Ask yourself this question?  How much offense do the Red Sox get from Jackie Bradley Jr.?   Not a lot, right? (At least not during the regular season).   But do I need to tell you why he is their centerfielder?   The same reason JaCoby Jones is ours.


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PULSE CHECK

By:  Kurt Snyder

I have a few things to ask you folks. Feel free to forward where you are on one or two. And use the rest as issues to contemplate for your next Open Mike opportunity.


ODDS AND ENDS

Have you heard any issue being made of the Tigers medical & training staff other than here at Totally Tigers? And if not, why?

What did everyone think of the Saturday Survey? We started light with the topic, but I think it has the potential to be very thought-provoking.

And what about the question on Saturday? As you continue to watch the playoffs,  if we asked the question again in another week, would your answers change?

Much was made about the potential interest of Dan Gilbert in purchasing the Tigers. Do you think this falls into the classic ‘be careful what you wish for’ category?

On the subject of Chris Ilitch, would you agree that he has more of an obligation to hold onto the Tigers? Does he feel he owes it to his father, regardless of his own personal interest?

Has anyone researched Dave Littlefield? Do it and then ask yourself, why did Dave Dombrowski hire him? And why is he in a prominent role with this organization?


PLAYERS

Are we warming up to the idea of Nicholas Castellanos staying with the Tigers? And do you think he will survive the rebuild?

Let’s talk September call ups. Who moved the needle the most?  Defensively. Offensively. Athletically.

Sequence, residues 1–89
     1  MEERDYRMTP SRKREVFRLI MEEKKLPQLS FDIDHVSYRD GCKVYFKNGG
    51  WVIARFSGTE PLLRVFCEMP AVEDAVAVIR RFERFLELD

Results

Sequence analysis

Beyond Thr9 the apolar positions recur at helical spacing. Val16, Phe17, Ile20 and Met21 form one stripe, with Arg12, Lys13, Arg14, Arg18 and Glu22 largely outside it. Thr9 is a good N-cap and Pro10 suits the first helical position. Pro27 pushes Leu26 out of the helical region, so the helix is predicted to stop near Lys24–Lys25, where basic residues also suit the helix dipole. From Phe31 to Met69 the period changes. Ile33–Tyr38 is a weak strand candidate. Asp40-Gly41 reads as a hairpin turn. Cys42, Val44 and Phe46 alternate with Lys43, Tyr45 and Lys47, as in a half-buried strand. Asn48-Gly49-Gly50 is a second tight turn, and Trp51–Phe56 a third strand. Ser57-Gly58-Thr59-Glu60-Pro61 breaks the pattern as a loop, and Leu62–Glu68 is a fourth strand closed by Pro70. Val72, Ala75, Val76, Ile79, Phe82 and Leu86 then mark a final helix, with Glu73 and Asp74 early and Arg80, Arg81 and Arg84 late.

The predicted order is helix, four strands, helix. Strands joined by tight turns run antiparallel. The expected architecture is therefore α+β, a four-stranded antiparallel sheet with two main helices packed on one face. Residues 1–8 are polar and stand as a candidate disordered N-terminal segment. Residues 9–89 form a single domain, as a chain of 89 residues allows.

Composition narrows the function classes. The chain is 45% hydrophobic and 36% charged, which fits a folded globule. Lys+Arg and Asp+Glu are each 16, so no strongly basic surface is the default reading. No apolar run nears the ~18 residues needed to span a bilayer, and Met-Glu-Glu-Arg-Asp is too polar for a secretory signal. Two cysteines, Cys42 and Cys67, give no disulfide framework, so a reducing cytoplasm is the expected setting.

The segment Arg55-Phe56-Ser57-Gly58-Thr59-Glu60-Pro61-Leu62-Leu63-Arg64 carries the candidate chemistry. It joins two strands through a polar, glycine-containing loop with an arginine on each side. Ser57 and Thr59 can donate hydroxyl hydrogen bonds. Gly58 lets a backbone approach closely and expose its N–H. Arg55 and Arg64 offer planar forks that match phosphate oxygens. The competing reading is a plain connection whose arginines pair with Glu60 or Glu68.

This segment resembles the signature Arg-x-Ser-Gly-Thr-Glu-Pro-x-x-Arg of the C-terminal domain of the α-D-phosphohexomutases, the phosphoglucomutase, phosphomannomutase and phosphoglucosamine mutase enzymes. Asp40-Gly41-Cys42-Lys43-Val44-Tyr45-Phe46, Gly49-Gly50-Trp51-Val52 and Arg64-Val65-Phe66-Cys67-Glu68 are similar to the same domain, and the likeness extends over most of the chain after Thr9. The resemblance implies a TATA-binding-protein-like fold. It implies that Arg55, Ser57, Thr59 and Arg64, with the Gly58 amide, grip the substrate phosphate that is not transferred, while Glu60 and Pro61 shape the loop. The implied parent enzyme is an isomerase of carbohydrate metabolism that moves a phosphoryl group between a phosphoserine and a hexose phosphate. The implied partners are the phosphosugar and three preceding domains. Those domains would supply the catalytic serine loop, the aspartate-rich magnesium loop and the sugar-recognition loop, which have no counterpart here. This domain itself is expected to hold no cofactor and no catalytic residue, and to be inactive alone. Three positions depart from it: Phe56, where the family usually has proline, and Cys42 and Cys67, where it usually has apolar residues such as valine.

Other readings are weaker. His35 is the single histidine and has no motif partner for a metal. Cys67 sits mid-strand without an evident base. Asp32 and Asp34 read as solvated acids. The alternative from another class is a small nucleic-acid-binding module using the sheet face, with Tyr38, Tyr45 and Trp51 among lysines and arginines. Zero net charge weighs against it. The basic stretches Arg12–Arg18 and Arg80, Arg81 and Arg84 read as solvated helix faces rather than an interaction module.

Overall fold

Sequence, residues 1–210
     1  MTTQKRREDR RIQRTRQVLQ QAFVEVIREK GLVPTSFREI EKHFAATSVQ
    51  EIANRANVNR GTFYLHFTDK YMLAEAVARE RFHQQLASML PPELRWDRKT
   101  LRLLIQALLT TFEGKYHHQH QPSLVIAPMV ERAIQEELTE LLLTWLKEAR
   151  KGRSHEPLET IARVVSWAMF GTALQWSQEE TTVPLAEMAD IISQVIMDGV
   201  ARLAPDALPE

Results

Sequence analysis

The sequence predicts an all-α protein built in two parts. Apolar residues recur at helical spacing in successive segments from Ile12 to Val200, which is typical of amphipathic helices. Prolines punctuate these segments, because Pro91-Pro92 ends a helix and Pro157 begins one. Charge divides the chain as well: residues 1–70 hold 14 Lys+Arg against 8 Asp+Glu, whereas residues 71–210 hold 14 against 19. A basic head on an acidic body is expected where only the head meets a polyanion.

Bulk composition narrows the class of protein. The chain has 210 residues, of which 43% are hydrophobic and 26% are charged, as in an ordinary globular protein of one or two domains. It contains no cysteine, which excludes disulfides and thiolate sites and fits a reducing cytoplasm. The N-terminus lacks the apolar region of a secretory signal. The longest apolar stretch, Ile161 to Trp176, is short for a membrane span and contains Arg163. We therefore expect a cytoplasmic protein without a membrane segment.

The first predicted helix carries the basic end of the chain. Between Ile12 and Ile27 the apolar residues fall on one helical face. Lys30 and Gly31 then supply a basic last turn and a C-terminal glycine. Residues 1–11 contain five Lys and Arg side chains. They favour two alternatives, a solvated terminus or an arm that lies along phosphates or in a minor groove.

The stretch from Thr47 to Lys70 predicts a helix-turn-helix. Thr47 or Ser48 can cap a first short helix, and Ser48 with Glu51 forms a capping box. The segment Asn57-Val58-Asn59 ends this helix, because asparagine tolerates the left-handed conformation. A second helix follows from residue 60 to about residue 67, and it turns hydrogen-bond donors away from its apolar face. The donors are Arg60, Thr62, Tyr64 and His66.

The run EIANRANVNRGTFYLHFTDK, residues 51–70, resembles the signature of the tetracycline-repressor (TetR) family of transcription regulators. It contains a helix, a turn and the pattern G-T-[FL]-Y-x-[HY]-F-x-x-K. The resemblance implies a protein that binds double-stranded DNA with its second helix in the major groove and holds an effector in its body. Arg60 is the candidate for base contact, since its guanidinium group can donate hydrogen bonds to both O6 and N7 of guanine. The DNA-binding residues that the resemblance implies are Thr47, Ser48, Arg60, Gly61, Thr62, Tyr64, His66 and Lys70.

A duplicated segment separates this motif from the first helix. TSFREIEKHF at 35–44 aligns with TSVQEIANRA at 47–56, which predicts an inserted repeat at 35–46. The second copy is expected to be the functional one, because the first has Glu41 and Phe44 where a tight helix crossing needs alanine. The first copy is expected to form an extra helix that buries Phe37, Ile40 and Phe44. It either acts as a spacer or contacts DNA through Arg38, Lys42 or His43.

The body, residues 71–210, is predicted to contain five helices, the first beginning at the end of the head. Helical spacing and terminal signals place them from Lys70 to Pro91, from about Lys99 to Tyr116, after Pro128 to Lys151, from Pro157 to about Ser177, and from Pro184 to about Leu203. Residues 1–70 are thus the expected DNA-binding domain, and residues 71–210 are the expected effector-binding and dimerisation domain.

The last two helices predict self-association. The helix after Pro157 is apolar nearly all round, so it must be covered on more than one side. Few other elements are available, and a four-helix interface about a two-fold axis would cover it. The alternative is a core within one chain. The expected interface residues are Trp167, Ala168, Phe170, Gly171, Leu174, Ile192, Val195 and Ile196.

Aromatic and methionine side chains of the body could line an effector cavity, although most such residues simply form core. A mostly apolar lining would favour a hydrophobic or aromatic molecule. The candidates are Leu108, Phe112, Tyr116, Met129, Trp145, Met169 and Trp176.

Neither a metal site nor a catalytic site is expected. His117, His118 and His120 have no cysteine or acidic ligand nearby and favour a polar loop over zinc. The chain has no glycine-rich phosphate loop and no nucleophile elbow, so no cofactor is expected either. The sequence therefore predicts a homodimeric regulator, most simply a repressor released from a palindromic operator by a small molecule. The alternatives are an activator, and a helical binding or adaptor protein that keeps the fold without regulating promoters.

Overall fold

The Tigers have their work cut out for them up the middle, now that Iggy is the next to leave the team. Would you agree that the team should sign a shortstop to eventually trade at the deadline?  And if they couldn’t trade Iggy, does that answer the question all on its own?

James McCann’s future was put on notice, thanks to Avila’s way-too-honest approach. But do you see an upstart talent banging on the door to take over?

Victor Reyes. What are your thoughts on his future?

We saw a lot of different pitchers come out of the pen in ’18, with most of the promise coming from Joe Jimenez and Victor Alcantara. Is there a third guy you thought may be emerging?

Is our future leadoff man in Detroit yet? And while on the subject, how good of a fit was Jeimer Candelario in that spot?

Who has been better than JaCoby Jones in centerfield for the Tigers over the last decade? Anyone?

Is there another Tiger who will get more of the benefit of the doubt like Jones because of superior defense? Is it too early to ask this question?


MANAGER / COACHES

Did you notice more players running through stop signs this year rounding third?

Do you feel the transition and quality of coaching was quite seamless after the departure of Chris Bosio?

How soon do you feel the Tigers should be promoting Doug Mientkiewicz to the big club? Next bench coach-in-waiting? Next Tiger manager-in-waiting?

Who is dying to have a beer with Ron Gardenhire to ask him about his training staff and everyone’s favorite Totally Tigers topic, core muscles?


And the final question, what am I going to have left to talk about for October’s 20 Thoughts? Don’t you worry about it! I’ve got a lot on my mind… and who is going to care if there are 40 instead of 20 this month?


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INTERNAL ROADBLOCKS STIFLING GARDY

By:  Kurt Snyder

What have we noticed about Ron Gardenhire this month? What has he been up to, now that the season is complete?